Thursday, September 22, 2011
"Granny, I want to talk about something."
We were sitting in the McDonald's parking lot last night before our library excursion when he said this. "Oh, what is it, Hunter?"
Then he began a diatribe about caterpillars. They're very hungry and thirsty. The females (I'd never heard this word uttered from his lips) lay eggs. Then they have babies and then they make a cocoon and take a long nap. They're sleepy. When they wake up they come out and they're a Monarch.
"Oh, really? What color are they?"
"They're yellow with black stripes. Then they lay eggs again. Only the mamas, not the daddies."
"So, do you have caterpillars in your classroom now, Hunter?"
Silence....he's still mulling over what he just told me. I think.
"Are they in a cage?"
"No! A jar." (silly me)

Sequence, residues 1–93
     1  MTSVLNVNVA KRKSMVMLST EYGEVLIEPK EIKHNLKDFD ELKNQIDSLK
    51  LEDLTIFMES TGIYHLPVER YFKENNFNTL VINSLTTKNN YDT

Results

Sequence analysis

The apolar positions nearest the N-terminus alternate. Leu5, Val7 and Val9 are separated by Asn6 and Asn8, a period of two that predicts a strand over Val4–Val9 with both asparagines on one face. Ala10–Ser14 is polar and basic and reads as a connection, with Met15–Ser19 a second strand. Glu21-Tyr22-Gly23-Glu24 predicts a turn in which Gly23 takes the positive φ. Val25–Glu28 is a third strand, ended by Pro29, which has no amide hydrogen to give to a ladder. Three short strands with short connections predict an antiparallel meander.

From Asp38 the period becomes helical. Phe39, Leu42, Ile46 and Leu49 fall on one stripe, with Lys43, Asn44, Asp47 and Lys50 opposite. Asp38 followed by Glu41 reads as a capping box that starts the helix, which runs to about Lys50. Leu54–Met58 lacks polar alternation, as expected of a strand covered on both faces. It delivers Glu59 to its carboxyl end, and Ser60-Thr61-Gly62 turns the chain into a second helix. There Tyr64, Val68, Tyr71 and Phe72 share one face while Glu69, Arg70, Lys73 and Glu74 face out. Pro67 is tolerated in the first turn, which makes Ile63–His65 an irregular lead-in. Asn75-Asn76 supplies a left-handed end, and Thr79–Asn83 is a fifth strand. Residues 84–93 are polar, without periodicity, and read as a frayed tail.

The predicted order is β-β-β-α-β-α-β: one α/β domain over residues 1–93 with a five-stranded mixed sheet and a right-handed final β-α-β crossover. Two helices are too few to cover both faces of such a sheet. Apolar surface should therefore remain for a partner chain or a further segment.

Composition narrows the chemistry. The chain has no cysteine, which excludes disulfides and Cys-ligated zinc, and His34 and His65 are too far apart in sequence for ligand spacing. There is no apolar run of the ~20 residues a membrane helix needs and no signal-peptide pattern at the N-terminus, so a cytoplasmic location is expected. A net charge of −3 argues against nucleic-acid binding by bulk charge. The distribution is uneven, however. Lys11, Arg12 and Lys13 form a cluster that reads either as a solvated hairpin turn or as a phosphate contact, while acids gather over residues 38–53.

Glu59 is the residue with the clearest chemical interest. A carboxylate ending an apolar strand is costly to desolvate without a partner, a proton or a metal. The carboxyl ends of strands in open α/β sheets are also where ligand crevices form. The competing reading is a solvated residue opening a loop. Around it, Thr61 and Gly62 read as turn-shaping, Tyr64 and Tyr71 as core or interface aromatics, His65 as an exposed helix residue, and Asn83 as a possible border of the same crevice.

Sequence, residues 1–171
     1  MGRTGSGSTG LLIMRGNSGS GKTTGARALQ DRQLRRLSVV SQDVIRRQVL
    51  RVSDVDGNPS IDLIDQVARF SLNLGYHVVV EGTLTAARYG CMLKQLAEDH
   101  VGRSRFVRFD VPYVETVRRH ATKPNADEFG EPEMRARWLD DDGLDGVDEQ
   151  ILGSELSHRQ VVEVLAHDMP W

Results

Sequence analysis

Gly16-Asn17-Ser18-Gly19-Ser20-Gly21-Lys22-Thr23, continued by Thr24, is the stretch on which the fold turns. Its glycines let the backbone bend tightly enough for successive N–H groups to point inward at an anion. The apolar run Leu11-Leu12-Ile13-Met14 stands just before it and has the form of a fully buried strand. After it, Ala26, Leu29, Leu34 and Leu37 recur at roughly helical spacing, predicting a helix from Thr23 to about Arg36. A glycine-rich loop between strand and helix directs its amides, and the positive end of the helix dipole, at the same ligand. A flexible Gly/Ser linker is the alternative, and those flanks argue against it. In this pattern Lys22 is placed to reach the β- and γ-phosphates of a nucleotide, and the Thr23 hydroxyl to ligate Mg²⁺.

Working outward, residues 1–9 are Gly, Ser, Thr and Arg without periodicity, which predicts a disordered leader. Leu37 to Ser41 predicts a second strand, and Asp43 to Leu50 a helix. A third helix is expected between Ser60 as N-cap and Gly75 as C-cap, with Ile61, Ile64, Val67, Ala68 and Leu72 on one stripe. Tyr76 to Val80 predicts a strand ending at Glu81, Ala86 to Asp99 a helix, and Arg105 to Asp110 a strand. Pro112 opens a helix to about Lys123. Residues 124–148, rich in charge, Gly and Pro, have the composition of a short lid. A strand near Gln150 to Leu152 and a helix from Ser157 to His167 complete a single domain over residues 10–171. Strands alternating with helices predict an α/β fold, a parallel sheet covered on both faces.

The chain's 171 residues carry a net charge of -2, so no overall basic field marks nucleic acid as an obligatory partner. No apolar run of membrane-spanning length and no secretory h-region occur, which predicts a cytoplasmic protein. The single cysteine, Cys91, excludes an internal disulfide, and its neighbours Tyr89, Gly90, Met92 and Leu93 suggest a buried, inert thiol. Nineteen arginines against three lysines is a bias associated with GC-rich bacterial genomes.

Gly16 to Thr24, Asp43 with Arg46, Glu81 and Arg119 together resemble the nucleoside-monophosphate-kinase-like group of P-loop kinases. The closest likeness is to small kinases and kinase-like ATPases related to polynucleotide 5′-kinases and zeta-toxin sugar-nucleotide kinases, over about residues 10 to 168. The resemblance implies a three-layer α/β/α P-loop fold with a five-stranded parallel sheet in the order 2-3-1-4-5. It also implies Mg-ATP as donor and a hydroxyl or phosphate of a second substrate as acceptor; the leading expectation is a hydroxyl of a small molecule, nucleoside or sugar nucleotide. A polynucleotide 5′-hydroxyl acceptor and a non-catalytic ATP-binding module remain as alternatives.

"Well that'll be exciting to watch them, won't it? You'll have to be very patient, huh?"
Silence....I think we're done with this discussion. He moves on to the toy he wants which is no longer manufactured.
He's only been in school since Aug. 30, but I'm so pleased he seems to be doing more challenging things, homework for example. He's never had any. He is volunteering information about what's going on in class where, before, you had to extract it like a stubborn tooth. This little conversation felt like a gift.
So, shout out to Hunter's teacher and any other special ed. teachers out there. You have my utmost appreciation. Thank you --- your job has shattering implications. It has profound effects on the life of your students' families, whether you realize it or not.
This post was a link to Rhonda's Down-to-Earth blog: